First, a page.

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Phantom of the Opera plus a pre-theater dinner idea in Philadelphia

Phantom of the Opera in Philadelphia


The talent is so impressive in the new touring production of The Phantom of the Opera - the first tour in the United States in three years – it makes one realize after the show it was money and time well spent. Staged at the remarkable Academy of Music in Philadelphia, this classic story is based on Le Fantôme de L’Opéra by Gaston Leroux. Phantom tells the story of a masked figure who lurks beneath the catacombs of the Paris Opera House, exercising a reign of terror over all who inhabit it. He falls madly in love with a young soprano, Christine, and devotes himself to creating a new star by nurturing her extraordinary talents.

The musical score of the orchestra is mesmerizing. There are passages during the show where the music is so engaging and so well conducted that it seems we are treated to a production similar to Broadway or London.
The show is a robust 2 ½ hours so I would say children 12 and over would be best. Most of the show is in classical opera genre, there are scenes where the entire dialogue among the ensemble is sung. With this said, the singing is so powerful and the storyline is evident through the expression of the performers and the wonderful set design.
Tickets for the show are well worth the price. Splurge on the orchestra seats, you won’t be disappointed. Tickets can be purchased by calling 215-731-3333, online at, at the Kimmel Center box office, Broad & Spruce Sts. (open daily 10 am to 6 pm) or at the Academy of Music box office, Broad & Locust Sts., (open during performances only). Groups of 20 or more will receive discounts for select performances by calling 215-790-5883 or 866-276-2947.

The show will be in Philadelphia until April 12, 2014. Performances include: Tuesday - Thursday evenings at 7:30 pm; Friday & Saturday evening at 8:00 pm; Sunday evening at 6:30 pm; matinees, Saturdays at 2:00 pm and Sundays at 1:00 pm. A special weekday matinee is set for Thursday, April 10 at 2:00 pm.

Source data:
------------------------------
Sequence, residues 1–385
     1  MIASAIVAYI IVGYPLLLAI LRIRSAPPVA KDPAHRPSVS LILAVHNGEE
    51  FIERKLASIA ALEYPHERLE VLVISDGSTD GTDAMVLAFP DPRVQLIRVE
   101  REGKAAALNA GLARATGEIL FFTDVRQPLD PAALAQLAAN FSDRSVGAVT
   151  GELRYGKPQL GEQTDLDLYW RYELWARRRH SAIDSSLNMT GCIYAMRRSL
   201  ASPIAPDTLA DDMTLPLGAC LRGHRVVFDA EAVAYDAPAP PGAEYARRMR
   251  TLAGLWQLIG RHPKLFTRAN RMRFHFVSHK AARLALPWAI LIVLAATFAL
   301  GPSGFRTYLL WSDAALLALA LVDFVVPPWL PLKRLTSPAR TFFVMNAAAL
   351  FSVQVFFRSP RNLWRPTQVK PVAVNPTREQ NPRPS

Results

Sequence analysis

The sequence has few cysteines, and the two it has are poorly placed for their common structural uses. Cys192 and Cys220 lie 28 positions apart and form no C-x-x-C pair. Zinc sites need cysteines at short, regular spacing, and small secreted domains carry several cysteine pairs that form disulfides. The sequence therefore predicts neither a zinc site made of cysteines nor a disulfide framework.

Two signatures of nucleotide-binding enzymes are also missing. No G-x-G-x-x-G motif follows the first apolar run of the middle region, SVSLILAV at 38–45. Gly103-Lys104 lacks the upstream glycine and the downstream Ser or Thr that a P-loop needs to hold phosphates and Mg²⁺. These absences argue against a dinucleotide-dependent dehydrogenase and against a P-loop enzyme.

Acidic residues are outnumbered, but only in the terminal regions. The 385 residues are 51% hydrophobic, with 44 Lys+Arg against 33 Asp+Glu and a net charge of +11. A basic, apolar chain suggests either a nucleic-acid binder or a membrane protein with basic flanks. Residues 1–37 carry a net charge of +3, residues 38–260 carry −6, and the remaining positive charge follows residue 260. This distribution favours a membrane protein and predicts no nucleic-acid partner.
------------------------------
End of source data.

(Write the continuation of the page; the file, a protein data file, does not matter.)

To make the night extra-special, make pre-theater plans to visit the restaurant Max Brenner, 1500 Walnut Street, just three blocks from the Academy of Music, which is chocolate lover’s delight. As soon as one enters a vibe of fun begins. I really like the fact that children and teens are welcome at Max Brenner. The menu is extensive with everything from burgers, to chicken fingers with chocolate infused dipping sauces, and flat bread pizzas. For older children, who like pasta or salads, there is no shortage of that either. The desserts are impressive; a menu with pages of offerings surely ends a meal here sweetly. There’s even a cute chocolate and gift shop in the front of the restaurant. Max Brenner in Philadelphia is a go-to place for families. Some of the other restaurants in the theater district are not kid-centric. There are great steakhouses and romantic bistros, yes, but bringing tweens and teens here can leave them squirming waiting for the food and parents wondering why a hamburger at the upscale steakhouse costs $19, or more. For families, Max Brenner is a great alternative. It is certainly worth the price of admission, both for the ambience and the dining experience. If kids aren’t in tow, there’s a full bar, a great menu, and it is also perfect for an after-theater choice for desserts, to end the night on a sweet note.